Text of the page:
one way of training for your future occupation in germany is by pursuing a dual vocational training programme. you will spend one or two days a week, or several weeks at once, at a vocational school (called berufsschule) where you will acquire the theoretical knowledge that you will need in your future occupation. the rest of the time will be spent at a company. this combination of theory and practice gives you a real head start into your job: by the time you have completed your training, you will not only have the required technical knowledge, but you will also have hands-on experience in your job. you can find out which on that might be by visiting one of the jobs and vocational training fairs which are organized in many german cities at different times in the year. employment prospects for students who have completed a dual vocational training programme are very good. this is one of the reasons why this kind of training is very popular with young germans: around two thirds of all students leaving school go on to start a vocational training programme. in germany, students pursuing a vocational training programme receive a monthly salary from the company they work for.
depending on occupation and region, your salary may be higher or lower. the salary you receive as a trainee increases with each year of training you complete. the federal institute for vocational education and training (bibb) has published a report on occupations and the respective salaries you receive as a trainee. they comprise on-the-job training at a company and classes at a vocational school (berufsschule). around two thirds of the classes specifically focus on subjects that are important for your future occupation. during your training programme, you are entitled to at least 24 working days or four weeks of annual leave. after the first half of your training programme, you will sit an examination to assess what you have learned at school and how you have been able to apply this knowledge at your company. you will also sit final exams at the end of your training. if you pass your final exams, you stand a good chance of starting a successful career in germany.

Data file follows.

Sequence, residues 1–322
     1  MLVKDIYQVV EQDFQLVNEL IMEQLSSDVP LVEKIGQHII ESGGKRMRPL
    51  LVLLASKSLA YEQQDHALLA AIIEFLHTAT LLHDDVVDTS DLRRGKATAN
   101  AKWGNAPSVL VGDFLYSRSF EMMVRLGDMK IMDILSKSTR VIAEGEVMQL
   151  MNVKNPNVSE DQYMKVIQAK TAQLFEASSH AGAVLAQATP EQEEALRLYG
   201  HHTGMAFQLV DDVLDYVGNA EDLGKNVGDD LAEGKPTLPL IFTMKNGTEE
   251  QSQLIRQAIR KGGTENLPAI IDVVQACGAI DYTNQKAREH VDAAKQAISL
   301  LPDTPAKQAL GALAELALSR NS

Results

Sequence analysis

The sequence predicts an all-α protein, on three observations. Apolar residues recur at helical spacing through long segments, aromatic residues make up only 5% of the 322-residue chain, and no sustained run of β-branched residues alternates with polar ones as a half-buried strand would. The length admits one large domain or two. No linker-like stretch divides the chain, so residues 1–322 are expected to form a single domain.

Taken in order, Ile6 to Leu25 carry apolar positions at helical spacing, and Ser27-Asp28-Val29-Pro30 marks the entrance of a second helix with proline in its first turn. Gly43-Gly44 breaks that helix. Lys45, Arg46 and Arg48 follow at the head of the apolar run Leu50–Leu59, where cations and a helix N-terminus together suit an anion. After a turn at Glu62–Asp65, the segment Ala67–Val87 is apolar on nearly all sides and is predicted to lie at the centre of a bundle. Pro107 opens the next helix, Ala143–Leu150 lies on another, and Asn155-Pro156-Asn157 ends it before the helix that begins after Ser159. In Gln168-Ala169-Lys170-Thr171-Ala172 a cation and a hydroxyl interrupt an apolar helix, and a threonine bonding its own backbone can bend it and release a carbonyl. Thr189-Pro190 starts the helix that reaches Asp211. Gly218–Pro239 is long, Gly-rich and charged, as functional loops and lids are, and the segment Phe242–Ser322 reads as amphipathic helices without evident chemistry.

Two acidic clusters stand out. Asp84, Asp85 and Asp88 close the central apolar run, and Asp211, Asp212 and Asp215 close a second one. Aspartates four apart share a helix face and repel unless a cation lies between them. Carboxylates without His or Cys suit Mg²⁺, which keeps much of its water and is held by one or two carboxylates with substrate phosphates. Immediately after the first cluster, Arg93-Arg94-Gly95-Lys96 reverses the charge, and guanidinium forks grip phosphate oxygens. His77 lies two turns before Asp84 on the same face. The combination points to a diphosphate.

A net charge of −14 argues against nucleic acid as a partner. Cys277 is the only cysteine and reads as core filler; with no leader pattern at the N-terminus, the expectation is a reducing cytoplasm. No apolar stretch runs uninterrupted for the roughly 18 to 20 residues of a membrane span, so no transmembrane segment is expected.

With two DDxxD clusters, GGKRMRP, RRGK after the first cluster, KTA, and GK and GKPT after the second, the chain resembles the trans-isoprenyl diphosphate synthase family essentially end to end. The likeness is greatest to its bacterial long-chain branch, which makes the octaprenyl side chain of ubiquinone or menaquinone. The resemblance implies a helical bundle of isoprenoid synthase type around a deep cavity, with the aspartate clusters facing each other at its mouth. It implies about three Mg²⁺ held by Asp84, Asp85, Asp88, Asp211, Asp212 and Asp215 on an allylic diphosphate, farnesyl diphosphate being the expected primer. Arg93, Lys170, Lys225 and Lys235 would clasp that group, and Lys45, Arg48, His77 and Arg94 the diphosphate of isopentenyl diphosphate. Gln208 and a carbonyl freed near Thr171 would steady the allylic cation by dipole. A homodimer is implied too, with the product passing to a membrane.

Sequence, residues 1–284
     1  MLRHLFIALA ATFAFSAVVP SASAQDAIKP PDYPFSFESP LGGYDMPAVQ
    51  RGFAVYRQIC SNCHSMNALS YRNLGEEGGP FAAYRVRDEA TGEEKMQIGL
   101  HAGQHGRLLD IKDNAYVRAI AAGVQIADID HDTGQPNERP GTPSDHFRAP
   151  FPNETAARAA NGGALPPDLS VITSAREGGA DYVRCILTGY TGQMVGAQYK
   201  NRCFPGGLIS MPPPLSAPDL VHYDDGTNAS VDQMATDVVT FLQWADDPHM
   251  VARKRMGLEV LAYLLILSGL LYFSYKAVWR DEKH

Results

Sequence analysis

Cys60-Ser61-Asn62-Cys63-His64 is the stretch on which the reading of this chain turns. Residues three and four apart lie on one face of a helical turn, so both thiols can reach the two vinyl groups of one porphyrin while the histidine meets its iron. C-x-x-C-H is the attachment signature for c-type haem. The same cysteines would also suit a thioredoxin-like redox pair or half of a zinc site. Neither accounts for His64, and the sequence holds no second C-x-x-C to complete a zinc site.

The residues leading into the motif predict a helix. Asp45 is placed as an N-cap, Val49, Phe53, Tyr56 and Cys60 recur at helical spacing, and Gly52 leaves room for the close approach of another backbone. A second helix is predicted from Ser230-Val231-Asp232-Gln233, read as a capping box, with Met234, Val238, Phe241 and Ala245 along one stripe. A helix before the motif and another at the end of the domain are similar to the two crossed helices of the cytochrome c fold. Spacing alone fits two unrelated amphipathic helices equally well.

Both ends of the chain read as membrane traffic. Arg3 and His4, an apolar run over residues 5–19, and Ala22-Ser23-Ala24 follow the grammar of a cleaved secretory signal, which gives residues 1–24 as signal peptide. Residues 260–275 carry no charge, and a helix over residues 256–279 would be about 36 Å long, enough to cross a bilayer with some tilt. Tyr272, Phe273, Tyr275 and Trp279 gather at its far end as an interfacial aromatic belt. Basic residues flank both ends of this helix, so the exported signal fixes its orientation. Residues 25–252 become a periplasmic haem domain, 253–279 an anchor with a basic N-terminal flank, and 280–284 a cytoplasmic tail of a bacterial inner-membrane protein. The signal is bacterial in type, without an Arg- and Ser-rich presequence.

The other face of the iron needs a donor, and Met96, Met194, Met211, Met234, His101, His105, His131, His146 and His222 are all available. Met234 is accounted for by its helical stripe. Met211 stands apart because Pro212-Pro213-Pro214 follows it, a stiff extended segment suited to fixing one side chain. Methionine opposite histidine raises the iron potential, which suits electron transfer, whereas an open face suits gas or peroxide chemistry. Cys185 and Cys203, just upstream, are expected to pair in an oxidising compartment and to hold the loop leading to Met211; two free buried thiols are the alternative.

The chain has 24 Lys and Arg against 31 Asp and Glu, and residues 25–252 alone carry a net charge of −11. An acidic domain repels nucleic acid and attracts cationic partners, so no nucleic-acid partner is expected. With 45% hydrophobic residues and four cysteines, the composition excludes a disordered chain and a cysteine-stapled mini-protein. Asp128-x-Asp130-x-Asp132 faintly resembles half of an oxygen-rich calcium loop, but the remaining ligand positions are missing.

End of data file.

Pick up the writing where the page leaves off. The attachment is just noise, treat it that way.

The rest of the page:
in germany, the dual education system formally emerged after the passage of the vocational training act of 1969. a description of its functioning and value is given in pritchard (1992), it was significantly enhanced by reforms in 2005. as one part of the dual education course, students are trained in a company for three to five days a week. the student is an employee of the company from the beginning and receives tasks that are according to his growing abilities.
 although the dual education system is generally considered to be exemplary, more young people are taking vocational education and training courses at training sites and schools rather than in real companies, as they are becoming less willing to take on apprentices for various reasons.  the model is unlikely to easily be adapted in other countries for a variety of reasons.  one important degree of the dual education system is the high standard of education provided by the german government in germany. the modern era of rapid economic and technological change has expanded the role of the dual education system in the labor force.
stages of dual vocational training. dual training programmes usually start on 1 august or 1 september each year. they a dual education system combines apprenticeships in a company and vocational education at a vocational school in this cooperation is regulated by law. trainees in the dual system typically spend part of each week at a vocational school, .
the continuous training of skilled workers in germany’s dual vocational training system is an important abstract. the dual system of vocational education and training (vet) in germany is a specific training system that aims at giz supports reforms aimed at providing the labour market with a qualified workforce through dual vet, with a focus on,
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